I was wondering what measurement in mm do the members of this forum, who use fretting and slide combined, set their resonators up at the 12th fret. Also what is the measurement at 12th fret of Michael Messer resos and Nationals when bought new?
Hey, You can generally specify what action you'd like if you're buying new from someone decent like MM or NRP etc. For a combo of slide and fingerpicking, the general consensus seems to be 3mm at the 12th, but it varies for different tastes of course. I probably wouldn't want mine any lower than 2.5mm at the 12th fret, or higher than 3.5mm...but that's only my preference 👍
No I'm not in the market, I installed a new biscuit bridge and saddle and recalled seeing that 3mm measurement on this forum and thought it was rather high for fretting with slide. I usually am at 1.75 mm but with the new bridge I went to 2.25mm with 13-56 strings and was going to lower it a little but am waiting to hear what some of you players use.
No I am definitely not new to slide, Im just wondering how high one can go and still use fingers and slide. For example in G tuning when going to the IV chord C, Index finger bars the 5th fret and reaching to the 8th fret to play those notes connected to C, depending what finger you wear the slide on, is very difficult to do with high action. I usually just use the slide for those moves if the action is too high. This was something Son House did with just fingers. My question originated because of seeing a post where someone mentioned 3mm at 12th fret.
Think you've answered your own question piro. If you're used to 1.75mm then why change? You have obviously developed a nice 'soft' touch to play at what many would consider a low action for sliding. Don't fix what ain't broken say I! 😊🎸🎸👍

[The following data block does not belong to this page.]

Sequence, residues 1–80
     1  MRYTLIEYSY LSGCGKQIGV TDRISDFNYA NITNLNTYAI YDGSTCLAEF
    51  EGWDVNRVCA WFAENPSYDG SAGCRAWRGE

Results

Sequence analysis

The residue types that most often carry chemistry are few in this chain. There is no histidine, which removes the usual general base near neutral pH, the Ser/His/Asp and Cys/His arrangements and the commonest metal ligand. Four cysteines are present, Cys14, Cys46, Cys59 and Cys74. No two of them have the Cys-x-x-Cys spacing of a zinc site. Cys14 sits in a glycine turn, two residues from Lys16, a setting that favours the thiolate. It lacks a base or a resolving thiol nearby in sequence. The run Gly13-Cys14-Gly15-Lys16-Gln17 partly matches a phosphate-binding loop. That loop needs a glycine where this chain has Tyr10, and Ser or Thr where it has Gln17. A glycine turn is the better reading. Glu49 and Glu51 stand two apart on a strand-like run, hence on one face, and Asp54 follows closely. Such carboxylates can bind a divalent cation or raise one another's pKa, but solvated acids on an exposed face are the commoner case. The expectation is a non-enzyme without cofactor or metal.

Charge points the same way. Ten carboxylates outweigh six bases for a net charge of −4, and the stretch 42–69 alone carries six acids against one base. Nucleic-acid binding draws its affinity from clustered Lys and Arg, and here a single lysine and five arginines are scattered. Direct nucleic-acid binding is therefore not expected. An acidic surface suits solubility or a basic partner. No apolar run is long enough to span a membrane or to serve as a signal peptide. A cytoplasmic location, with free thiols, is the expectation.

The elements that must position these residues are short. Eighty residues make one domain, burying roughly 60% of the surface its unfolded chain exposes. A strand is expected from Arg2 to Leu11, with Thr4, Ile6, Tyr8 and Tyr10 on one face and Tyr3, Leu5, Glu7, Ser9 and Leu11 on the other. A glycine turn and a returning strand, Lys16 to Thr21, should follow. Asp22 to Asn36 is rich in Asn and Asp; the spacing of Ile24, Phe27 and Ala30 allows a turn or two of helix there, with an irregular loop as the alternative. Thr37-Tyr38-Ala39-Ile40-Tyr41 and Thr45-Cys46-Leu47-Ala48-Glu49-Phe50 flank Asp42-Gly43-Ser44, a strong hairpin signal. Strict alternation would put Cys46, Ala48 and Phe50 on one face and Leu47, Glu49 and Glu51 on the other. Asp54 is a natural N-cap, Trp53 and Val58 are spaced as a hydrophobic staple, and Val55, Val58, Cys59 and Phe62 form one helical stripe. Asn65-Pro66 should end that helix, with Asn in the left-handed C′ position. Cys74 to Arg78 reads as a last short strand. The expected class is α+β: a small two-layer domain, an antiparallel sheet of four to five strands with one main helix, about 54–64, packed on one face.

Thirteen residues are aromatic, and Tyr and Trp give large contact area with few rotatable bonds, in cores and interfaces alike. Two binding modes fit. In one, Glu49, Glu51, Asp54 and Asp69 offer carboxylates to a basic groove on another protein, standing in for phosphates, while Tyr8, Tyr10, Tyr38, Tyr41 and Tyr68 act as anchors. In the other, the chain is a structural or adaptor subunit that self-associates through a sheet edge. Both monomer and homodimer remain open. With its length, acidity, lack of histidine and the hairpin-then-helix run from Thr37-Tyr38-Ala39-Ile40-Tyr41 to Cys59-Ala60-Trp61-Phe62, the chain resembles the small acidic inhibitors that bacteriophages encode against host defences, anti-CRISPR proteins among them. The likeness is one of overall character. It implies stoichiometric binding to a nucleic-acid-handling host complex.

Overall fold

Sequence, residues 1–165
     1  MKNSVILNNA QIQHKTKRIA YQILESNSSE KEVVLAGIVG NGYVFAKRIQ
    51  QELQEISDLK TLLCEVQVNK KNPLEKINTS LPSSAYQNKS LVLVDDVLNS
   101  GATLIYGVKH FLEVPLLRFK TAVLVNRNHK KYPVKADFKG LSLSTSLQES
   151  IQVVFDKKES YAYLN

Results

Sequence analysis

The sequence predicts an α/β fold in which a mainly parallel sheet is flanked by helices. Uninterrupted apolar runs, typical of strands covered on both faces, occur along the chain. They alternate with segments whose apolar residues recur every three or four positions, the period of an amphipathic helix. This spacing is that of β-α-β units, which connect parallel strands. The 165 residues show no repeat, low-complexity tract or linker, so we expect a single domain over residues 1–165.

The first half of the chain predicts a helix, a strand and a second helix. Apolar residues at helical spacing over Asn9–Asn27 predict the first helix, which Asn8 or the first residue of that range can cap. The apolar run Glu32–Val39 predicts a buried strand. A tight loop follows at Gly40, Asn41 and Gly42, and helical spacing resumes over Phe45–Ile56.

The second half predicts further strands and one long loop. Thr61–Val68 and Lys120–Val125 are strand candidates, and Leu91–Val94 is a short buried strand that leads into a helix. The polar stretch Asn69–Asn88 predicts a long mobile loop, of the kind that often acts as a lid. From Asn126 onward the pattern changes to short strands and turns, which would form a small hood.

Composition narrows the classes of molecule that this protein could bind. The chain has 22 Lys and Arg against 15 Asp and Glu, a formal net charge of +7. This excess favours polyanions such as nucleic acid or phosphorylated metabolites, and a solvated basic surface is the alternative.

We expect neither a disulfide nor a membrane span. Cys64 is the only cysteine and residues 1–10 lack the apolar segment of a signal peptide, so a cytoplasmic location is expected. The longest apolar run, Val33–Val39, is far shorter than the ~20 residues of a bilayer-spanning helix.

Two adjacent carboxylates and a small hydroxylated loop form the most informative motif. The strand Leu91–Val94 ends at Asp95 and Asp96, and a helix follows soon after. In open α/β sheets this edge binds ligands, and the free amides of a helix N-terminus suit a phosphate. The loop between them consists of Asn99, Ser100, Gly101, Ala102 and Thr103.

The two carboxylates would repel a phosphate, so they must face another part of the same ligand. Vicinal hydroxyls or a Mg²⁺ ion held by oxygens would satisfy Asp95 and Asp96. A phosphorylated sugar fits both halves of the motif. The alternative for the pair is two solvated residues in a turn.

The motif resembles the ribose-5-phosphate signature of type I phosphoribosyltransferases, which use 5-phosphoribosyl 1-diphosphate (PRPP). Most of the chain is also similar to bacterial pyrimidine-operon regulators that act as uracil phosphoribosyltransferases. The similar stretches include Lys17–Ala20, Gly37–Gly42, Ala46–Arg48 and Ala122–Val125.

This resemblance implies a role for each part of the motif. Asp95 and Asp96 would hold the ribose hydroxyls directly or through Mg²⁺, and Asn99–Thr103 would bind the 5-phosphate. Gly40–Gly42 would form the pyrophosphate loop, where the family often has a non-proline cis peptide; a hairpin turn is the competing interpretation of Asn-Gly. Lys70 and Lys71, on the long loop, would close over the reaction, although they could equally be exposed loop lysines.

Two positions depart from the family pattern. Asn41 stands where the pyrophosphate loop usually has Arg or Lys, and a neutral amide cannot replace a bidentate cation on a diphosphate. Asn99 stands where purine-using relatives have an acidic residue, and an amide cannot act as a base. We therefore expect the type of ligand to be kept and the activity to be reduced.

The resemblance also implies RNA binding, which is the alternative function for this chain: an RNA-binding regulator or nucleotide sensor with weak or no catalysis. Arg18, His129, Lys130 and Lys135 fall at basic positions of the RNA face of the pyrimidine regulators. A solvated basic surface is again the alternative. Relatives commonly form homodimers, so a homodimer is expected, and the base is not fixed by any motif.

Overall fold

Best wishes to you all, John
Ps Don't forget, the lower the action the less the break angle. Got to keep a good amount of pressure on the cone to make it sing! Pps. Should maybe said bridge height rather than action which is a combination of many factors. 😊👍🎸
Post by Michael Messer on Mar 27, 2021 10:04:59 GMT
You have had some good information and advice from everyone.
When we set up MM guitars they are 2.5mm to 3mm at the 12th fret. This is a standard set up as used by National Reso-Phonic Guitars, MM Guitars and others. Almost all my customers want to be able to slide and fret and MM guitars have been going to customers with that set up for the past thirteen years. We do occasionally get requests to go lower for non-slide players, but lower than 2mm and you start to lose tone. In fact lower than 2.25 gets risky.
Having said all that, there are no rules, only guidelines and what works for you is the correct set up.
Sometimes it can be a matter of string gauges or neck relief and not string height.
My personal preference is to go a little higher - my guitars are 3mm to 3.5 and I can fret all over the fretboard. I have played that way for decades and am very used to it.
I have a very soft touch and can play on much lower set ups, but I like it that way and that means it is the right set up for me.
You can have 3 guitars, all with the same gauge of strings, and all at 3mm height at the 12th fret - and all other things being equal (same scale length, same length of string behind the bridge, from the tailpiece etc etc), they can still feel quite different for fretting chords BECAUSE the nut slot height on each guitar could be different.
So, you should measure the action at the 1st fret, as well as at the 12th fret.
If the action is at 3mm at the 12th fret BUT fretting chords seems difficult, then PERHAPS you could reduce the nut slots a LITTLE - that makes a world of difference to fretting. I recommend a luthier doing this though - someone with the correct measuring tools AND with appropriately sized nut slot files.